Covid Positive Passenger Dresses As Wife To Avoid Virus Checks

There have been plenty of reports of fake COVID test certificates. Or a group of Belgian youngsters getting on a plane home from their holiday while suspecting they could very well have been infected. However, instances of people knowing they are COVID positive and still doing their utmost to travel have fortunately been few and far between – as far as we know.

A whole new passenger on board

Meanwhile, a man in Indonesia went to great lengths to be allowed on board a domestic Citilink flight from Jakarta to Ternate. The man, who is referred to by officials only by his initials ‘DW”, dressed in his wife’s niqab, covering him from head to toe. He also grabbed her passport, negative COVID-19 test certificate, and took off for the airport.

Boarding agents at Halim Perdana Kusuma Airport in Jakarta suspected nothing. The man’s ruse might have remained successful had he not thought it a good idea to change back to his own clothes mid-flight. A cabin crew member saw a fully-covered and veiled person enter the lavatory, only to emerge minutes later wearing entirely different clothing.

Isolated and could be facing arrest

The crew member notified the authorities at the arrival destination of Ternate, and the passenger was detained after deboarding. An on-duty health officer immediately tested the man for COVID-19, and the results came back positive. The man is now in self-isolation and could face arrest.

“He bought the plane ticket with his wife’s name and brought the identity card, the PCR test result, and the vaccination card with his wife’s name,” Ternate police chief Aditya Laksimada said after arresting the man, as reported by USA Today Travel.

Authorities have tightened restrictions on non-essential travel during the Eid al-Adha holiday this week, as virus cases in the country continue to surge with over 50,000 new cases per day.

Citilink is the low-cost brand of flag carrier Garuda Indonesia. The carrier operates a daily service between Jakarta and Ternate, deploying either an Airbus A320 or A320neo on the route.

Thanks to modern aircraft’s state-of-the-art ventilation systems (who had ever known HEPA filters were to become such a hot topic), the risk of catching COVID on board a plane is minuscule. The wearing of face masks reduced the risk even more. However, being seated within three rows of an infected person still presents a perilous situation.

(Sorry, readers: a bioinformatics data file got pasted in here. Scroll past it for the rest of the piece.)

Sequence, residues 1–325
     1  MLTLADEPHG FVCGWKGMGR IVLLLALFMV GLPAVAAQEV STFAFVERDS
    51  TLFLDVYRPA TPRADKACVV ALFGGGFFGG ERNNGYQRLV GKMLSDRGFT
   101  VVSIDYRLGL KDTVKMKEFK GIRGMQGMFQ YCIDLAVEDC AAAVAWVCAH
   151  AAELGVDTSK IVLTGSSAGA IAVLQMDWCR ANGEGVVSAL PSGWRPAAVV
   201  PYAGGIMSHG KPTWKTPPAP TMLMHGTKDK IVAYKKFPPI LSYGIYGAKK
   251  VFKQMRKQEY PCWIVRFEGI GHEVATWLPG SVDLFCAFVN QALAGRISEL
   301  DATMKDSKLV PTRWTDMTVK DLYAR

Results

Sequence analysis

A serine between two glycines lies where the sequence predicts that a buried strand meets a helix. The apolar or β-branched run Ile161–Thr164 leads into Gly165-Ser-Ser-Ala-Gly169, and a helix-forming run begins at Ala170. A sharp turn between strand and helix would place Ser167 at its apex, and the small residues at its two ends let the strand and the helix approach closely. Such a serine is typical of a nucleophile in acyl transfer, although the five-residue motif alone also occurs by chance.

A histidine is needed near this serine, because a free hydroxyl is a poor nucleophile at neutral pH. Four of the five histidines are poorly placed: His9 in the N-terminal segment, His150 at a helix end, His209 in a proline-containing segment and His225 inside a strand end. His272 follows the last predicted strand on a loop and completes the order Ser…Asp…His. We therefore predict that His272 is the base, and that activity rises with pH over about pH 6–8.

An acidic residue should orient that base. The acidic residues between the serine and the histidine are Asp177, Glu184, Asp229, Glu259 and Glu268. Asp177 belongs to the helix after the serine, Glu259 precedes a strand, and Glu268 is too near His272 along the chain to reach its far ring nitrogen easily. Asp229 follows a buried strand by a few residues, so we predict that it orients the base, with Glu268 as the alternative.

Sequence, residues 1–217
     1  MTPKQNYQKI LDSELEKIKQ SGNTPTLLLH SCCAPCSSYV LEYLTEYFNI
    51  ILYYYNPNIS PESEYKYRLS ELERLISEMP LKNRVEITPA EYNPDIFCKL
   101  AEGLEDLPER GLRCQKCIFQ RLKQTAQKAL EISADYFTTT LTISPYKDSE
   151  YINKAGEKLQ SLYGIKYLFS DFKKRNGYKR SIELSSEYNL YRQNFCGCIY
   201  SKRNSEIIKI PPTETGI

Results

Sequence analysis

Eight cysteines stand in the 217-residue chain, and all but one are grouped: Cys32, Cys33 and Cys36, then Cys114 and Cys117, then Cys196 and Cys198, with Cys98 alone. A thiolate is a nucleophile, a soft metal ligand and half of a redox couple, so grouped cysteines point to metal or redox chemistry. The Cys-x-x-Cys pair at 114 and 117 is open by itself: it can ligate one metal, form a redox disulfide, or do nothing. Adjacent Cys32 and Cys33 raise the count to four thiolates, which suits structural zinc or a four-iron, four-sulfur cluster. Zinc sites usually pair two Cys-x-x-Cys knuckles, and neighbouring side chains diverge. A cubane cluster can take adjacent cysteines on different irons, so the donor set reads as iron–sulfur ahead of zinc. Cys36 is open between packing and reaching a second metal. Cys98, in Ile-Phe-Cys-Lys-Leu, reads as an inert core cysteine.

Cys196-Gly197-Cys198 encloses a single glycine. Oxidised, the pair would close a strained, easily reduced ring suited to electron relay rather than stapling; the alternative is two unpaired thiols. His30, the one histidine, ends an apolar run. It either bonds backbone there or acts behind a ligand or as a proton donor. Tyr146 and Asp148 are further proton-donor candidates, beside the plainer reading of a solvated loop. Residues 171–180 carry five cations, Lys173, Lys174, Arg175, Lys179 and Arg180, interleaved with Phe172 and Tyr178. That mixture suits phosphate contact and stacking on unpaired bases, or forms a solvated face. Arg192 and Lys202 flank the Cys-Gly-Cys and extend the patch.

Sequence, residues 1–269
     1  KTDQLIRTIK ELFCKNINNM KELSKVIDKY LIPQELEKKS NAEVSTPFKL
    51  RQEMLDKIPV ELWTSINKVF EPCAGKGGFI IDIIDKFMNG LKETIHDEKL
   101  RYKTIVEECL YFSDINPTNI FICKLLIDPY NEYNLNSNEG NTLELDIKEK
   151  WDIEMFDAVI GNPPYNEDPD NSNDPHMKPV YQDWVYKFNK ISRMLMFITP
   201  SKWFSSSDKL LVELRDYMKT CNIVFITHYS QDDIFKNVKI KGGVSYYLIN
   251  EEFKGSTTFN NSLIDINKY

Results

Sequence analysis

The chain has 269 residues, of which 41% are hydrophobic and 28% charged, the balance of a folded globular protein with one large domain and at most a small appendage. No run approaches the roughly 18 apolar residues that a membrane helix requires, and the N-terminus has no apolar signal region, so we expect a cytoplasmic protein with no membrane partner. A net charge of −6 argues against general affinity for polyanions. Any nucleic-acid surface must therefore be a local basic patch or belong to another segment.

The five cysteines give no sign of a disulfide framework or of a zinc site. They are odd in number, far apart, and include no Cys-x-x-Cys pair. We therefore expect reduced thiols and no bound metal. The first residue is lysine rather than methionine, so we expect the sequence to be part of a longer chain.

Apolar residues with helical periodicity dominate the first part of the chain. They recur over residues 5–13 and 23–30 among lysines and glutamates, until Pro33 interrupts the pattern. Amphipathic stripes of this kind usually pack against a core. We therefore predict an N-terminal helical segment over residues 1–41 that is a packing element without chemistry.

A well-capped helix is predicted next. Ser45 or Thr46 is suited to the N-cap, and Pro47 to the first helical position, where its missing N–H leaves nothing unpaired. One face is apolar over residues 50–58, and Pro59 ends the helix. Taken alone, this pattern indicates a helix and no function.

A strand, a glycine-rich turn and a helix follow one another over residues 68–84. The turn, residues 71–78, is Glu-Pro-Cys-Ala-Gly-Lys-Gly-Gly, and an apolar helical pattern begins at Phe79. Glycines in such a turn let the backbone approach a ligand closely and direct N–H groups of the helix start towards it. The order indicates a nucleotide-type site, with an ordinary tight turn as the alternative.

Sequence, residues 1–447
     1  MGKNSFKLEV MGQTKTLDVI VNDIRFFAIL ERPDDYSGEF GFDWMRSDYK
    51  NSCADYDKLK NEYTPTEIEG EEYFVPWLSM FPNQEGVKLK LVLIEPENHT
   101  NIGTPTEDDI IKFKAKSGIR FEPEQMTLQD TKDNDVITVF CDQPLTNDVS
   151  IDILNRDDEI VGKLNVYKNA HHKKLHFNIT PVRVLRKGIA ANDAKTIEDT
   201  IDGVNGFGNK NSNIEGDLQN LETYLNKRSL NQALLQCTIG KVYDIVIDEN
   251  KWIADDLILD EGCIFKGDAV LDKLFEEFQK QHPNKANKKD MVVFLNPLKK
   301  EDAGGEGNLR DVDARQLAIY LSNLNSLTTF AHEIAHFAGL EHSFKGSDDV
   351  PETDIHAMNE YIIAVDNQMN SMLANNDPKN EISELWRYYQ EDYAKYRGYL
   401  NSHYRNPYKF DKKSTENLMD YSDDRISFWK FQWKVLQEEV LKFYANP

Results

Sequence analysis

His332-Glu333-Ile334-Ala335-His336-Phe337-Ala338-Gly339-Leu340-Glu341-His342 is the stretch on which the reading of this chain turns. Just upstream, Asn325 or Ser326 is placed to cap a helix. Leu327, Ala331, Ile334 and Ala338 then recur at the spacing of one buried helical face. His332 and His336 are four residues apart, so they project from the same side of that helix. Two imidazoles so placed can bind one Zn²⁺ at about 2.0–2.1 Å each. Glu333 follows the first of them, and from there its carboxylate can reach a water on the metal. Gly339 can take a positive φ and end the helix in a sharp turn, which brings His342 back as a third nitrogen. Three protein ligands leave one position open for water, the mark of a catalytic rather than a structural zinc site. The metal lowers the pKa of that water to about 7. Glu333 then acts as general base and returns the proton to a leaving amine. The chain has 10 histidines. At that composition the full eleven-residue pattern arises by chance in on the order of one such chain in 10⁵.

Maldives Reopens To Indian Tourists: Here’s What You Need To Know

The Maldives has officially confirmed that it will open up to travelers from India and other South Asian countries on 15th July. The popular archipelago will only require a negative RT-PCR before arrival for entry and no quarantine. In response, airlines have quickly restored their schedules. Let’s find out more.


After just over two months, the Maldives will open to Indian and South Asian tourists from Thursday, 15th July. Currently, travelers can only stay on stand-alone resorts and islands and will only be able to stay in local guesthouses from 30th July onwards. A list of approved resorts can be found on the Maldivian government’s website here.

Entry requirements for travelers from India are simple. All passengers above the age of one must bring a negative RT-PCR COVID-19 test taken within the last 96 hours. This means your test sample must be collected at least 96 hours before your arrival in Malè. Even those fully inoculated with any vaccine are required to arrive with negative tests.

Passengers must also fill in a self-health declaration, with a copy of their negative test, anytime 24 hours before their arrival.

The restrictions are more liberal than other countries, which usually require samples taken 48 or 72 hours before arrival. However, this will allow passengers more than enough time to get their testing in order. In response to the reopening, airlines have responded by quickly re-adding flights to the Maldives.

Back in action

Before May, Indian airlines had all seized on demand to fly to the Maldives. IndiGo, GoAir, and Vistara all launched new services to the country to cater to a surge of travelers. As travel restrictions meant Europe and Asia were mostly off the map for Indias, the short journey to the Maldives became a quick favorite.

As flights resume, airlines are back equally quickly. IndiGo will offer direct flights to Malè from New Delhi, Mumbai, Bangalore, and Kochi starting July 15th. GoAir will fly from Delhi, Mumbai, and Bangalore. Vistara’s Mumbai service is currently not available for sale, while Air India will not start flights from Delhi, Bangalore, or Trivandrum until early August.

A new entrant to the Maldives market will be SpiceJet. The carrier announced last week that it would offer flights to Malè from Kochi and Mumbai from late July, officially marking the entry of all major Indian airlines into the Maldives market.

Huge boost

For the Maldives, the return of Indian tourists will be a huge boost. India was the largest market for tourism arrival last year and in early 2021, prior to the ban. With borders now open, expect to see thousands of more passengers arrive every week as grounded and excited travelers take to the skies internationally once again.


Air Belgium Looks To Swap Its Airbus A340s For A330neos

Air Belgium has signed an agreement with Airbus to take delivery of two new Airbus A330neo aircraft. The airline will use the aircraft to replace two of its three remaining Airbus A340-300 aircraft currently leased from the European planemaker.

While most airlines were removing their Airbus A340s from service, even before the current situation, one airline was keen to take them. Air Belgium launched in 2018 intending to fly to Hong Kong with a fleet of four Airbus A340s. This didn’t work out, with the airline instead turning to wet lease operations before launching flights to the Caribbean.

Two A330-900s inbound

In mid-June, Simple Flying reported that Air Belgium would look to take delivery of two Airbus A330-900 aircraft. Today the news has been confirmed by the Brussels-based airline, who said that services with the first aircraft would begin from October 15th.

It’s reasonably clear that this isn’t an order for new aircraft, given the short turnaround time tied with the backlog of orders. Instead, it seems that the airline is taking white tail aircraft. The aircraft were to be delivered to Air Berlin before Rwandair was set to take them. Air Berlin ceased operations, while Rwandair scrapped its A330neo ambitions in September.

According to data from, at least one of these aircraft was such a plane. The airline is expected to take delivery of the aircraft with the serial number 1844. This plane took its first flight in Toulouse on March 7th, 2019.

What to expect from the aircraft